Professor Tim Birkhead - Page 3
Both at school and as an undergraduate I was inspired and enthused by handful of exceptional teachers. My philosophy is also to inspire undergraduates through teaching. I have tried to avoid traditional teaching and assessment methods specifically to stimulate undergraduate interest. My teaching fantasy is that (as a department) we abandon most lectures and replace them with extended tutorials and field courses. I am convinced that this approach would generate better-qualified scientists and better citizens. Although successive heads of department have been reluctant to implement my suggested changes, they have allowed me to partially fulfil my fantasy through my Level 3 course History and Philosophy of Science (APS327) which – notwithstanding its somewhat pompous title - is partly about the history of science and mainly about how science is done.
My teaching has always been informed by research (my own and that of others): I am committed to both and believe that the two go hand-in-hand, and should do so at an institution such as the University of Sheffield. Research informs teaching in many ways, including critical thinking, team work and public understanding of science as well as ethical considerations.
Sustaining an enthusiasm for effective teaching over 30 years in an environment as dynamic and as vulnerable to fashions and fluctuations as higher education is not straightforward. I have actively sought ways to diversify and sustain the quality of my teaching, mainly though engagement in the public understanding of science. A recent 'innovation' has been to use Podcasts to provide a summary of each of the lectures for my Level 1 course in Animal Behaviour (APS126).
One of the most effective extra-curricular activities to inspire my teaching was being invited to speak at People, Ideas, Nature, Creativity (PINC) (see: www.pinc.nl and The Times Higher Education article).
A central part of my philosophy concerns the ethics of teaching and research. As universities come under increasing pressure to perform – particularly in research – ethical issues for both undergraduates and academic staff have become more important. To raise awareness of these issues (with my colleague Bob Montgomerie) I wrote A beginner´s guide to scientific misconduct (2005)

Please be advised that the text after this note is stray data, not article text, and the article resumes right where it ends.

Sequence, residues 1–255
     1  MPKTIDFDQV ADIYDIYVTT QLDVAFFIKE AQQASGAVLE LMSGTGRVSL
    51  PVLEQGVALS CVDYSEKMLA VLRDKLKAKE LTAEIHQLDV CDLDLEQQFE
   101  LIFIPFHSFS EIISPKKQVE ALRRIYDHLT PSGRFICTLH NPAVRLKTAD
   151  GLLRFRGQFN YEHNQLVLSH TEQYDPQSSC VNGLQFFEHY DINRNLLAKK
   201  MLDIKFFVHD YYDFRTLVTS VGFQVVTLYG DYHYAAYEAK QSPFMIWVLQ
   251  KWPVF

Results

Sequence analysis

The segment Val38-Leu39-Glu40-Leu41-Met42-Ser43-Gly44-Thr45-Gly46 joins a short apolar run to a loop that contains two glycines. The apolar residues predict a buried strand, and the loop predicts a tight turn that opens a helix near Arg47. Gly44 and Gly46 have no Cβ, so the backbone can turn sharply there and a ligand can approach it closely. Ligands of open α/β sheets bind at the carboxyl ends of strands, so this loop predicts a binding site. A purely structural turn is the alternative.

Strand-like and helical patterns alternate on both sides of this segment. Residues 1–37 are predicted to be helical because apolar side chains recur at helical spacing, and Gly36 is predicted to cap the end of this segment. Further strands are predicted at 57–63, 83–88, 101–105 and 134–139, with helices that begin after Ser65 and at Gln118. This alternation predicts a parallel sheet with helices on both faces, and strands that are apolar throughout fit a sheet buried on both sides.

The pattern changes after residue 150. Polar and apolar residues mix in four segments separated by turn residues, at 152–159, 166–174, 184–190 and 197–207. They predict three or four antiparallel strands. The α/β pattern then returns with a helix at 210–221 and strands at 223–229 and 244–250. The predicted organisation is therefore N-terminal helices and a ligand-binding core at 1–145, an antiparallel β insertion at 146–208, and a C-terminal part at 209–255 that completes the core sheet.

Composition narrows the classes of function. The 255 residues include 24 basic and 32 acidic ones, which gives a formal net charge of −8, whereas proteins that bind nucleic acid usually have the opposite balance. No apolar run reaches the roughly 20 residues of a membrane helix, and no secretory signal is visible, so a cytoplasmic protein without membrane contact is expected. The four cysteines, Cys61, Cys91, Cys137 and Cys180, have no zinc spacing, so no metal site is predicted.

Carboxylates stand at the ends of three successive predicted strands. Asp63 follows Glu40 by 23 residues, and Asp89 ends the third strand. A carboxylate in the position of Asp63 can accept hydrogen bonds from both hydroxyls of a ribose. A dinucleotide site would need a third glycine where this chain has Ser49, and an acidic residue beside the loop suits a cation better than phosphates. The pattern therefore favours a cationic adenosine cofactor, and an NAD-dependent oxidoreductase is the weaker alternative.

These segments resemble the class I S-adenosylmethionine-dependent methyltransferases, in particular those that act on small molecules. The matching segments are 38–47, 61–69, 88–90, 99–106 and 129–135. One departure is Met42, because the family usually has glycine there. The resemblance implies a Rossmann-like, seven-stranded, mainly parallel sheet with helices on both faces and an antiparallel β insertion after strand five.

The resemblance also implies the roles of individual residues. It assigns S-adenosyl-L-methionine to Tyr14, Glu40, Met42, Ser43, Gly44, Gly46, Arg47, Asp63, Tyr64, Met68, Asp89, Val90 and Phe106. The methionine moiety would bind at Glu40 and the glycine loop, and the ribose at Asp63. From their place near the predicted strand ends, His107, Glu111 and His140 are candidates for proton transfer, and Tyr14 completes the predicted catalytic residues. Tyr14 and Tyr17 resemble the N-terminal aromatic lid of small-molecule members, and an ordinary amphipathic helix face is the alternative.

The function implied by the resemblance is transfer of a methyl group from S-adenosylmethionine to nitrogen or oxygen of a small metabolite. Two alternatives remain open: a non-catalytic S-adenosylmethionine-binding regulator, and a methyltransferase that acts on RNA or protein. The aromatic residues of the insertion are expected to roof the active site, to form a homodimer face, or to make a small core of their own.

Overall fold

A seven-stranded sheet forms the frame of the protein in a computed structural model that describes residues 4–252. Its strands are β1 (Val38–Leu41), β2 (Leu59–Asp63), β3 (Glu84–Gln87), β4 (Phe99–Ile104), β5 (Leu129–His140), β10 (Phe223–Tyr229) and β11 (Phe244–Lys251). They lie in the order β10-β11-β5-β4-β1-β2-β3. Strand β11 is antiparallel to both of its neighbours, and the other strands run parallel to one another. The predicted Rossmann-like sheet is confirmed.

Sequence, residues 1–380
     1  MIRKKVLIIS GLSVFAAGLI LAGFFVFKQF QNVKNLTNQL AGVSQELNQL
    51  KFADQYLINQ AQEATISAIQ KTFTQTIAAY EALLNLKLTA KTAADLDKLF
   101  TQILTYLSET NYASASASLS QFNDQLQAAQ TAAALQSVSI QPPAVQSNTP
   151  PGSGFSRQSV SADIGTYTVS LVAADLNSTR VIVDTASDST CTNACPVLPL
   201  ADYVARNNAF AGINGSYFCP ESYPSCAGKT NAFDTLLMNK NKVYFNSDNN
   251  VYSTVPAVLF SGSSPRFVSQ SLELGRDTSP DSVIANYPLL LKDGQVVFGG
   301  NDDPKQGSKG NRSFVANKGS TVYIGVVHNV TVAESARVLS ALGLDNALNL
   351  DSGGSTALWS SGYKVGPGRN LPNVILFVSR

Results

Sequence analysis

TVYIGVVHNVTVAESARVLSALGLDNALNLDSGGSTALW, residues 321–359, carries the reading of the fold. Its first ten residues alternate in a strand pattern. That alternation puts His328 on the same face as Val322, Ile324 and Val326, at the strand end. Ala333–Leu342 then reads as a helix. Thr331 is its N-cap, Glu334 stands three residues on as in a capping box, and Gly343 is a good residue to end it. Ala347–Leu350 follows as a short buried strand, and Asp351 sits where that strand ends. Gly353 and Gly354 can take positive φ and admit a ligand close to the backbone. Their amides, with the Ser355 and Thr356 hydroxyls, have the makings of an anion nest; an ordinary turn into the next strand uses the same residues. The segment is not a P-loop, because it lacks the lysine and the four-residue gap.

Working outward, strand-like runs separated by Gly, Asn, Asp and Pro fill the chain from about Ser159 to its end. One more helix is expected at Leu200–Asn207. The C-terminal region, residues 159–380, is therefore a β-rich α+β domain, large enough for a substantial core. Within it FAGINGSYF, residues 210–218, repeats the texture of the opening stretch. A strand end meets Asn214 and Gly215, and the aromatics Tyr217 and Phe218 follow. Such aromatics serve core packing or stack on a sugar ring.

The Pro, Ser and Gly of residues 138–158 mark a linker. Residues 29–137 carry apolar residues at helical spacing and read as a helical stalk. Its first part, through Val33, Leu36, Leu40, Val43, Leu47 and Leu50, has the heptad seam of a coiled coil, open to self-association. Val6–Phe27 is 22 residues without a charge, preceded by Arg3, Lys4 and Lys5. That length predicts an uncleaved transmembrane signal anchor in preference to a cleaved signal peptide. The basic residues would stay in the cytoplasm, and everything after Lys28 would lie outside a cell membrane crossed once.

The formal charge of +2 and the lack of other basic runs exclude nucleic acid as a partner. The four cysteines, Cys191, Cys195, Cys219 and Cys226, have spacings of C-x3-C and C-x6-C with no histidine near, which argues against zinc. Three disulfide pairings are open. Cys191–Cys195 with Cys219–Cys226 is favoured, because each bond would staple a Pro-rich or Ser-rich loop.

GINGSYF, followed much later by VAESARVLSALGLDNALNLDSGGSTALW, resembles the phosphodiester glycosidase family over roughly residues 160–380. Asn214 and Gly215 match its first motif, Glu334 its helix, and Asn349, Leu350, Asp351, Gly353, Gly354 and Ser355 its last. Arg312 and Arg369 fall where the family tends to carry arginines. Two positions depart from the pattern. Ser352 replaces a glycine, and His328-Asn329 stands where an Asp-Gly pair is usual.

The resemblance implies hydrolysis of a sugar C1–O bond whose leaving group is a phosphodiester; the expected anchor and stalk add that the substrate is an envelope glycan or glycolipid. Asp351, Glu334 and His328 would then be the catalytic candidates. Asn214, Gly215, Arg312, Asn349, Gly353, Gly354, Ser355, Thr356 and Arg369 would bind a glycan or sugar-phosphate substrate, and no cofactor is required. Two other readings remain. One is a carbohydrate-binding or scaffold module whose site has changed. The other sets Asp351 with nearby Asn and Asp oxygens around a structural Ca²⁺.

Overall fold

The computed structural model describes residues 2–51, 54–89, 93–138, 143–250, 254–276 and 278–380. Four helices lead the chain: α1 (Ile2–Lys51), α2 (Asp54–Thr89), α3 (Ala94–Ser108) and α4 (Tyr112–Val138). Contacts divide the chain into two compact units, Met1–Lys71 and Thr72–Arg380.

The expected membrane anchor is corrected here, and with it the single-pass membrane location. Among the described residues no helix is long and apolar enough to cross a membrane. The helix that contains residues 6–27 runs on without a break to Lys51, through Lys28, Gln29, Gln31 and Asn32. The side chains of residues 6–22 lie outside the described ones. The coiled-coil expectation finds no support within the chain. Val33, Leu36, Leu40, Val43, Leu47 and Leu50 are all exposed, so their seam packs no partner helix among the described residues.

Between 2003 and 2011, I wrote a monthly column in the Times Higher Education (THE, previously known as the Times Higher Education Supplement (THES)). Initially I was asked to write on research issues, but I found myself writing mainly on teaching in a concerted attempt to redress the balance between research (the RAE, now the REF) and teaching. I have been especially interested in several aspects of undergraduate teaching, including (i) the value of tutorials; (ii) the transition between school and university that some individuals find difficult; (iii) the ability to write clearly and unambiguously, and (iv) maintaining academic standards in undergraduate education.
One never really knows how one affects undergraduates, but I was gratified to discover that David Gibbs who graduated from this department in 1983, named a newly discovered fly in my honour. Called Leiomyza birkheadi (Gibbs), it is a small, glossy black fly with yellowish legs and red eyes, discovered in Bristol, UK on 21 August 2004. It has no common name and is thought to develop in the fruiting bodies of fungi.
Similarly, in 2013, I was pleased to learn that I had been voted UK Higher education Biosciences Teacher of the Year (by the Society of Biology). That award was based in part on this video: www.sheffield.ac.uk/news/nr/tim-birkhead-bioscience-teacher-society-biology-1.269973
2007 University of Sheffield Senate Award for Teaching
2009 Department of Animal & Plant Science, Teacher of the Year Award
2013 UK Higher Education Bioscience Teacher of the Year Award (see above for link)
2016 Senior Fellow of the Higher Education Academy
Other articles on teaching
Birkhead, T. R. 2007. Umbilical culture: standards and grade inflation. In: Can the Prizes Still Glitter? The future of British Universities in a Changing World (Ed. by Burgh, H., Black, J. & Fazackerly, A.), pp. 24-29. Buckingham: University of Buckingham Press
Birkhead, T. R. 2006. Riting good is a tuff choar, innit? Times Higher Education Supplement, 9 June, 62
Birkhead, T. R. 2007. Let's face it, in terms of real education the school experiment of the past 20 years or so has been a disaster. Times Higher Education Supplement, 1821.
Birkhead, T. R. 2008. Does it matter that researchers miscite the literature? Times Higher Education Supplement, 13.
Birkhead, T. R. 2008. Enormous greedy babies. Times Higher Education, 19 June.
Birkhead, T. R. 2008. How duff exams spawn failure. Times Higher Education, 1871, 27.
Birkhead, T. R. 2009. Secrets of real success. Times Higher Education, 29 January.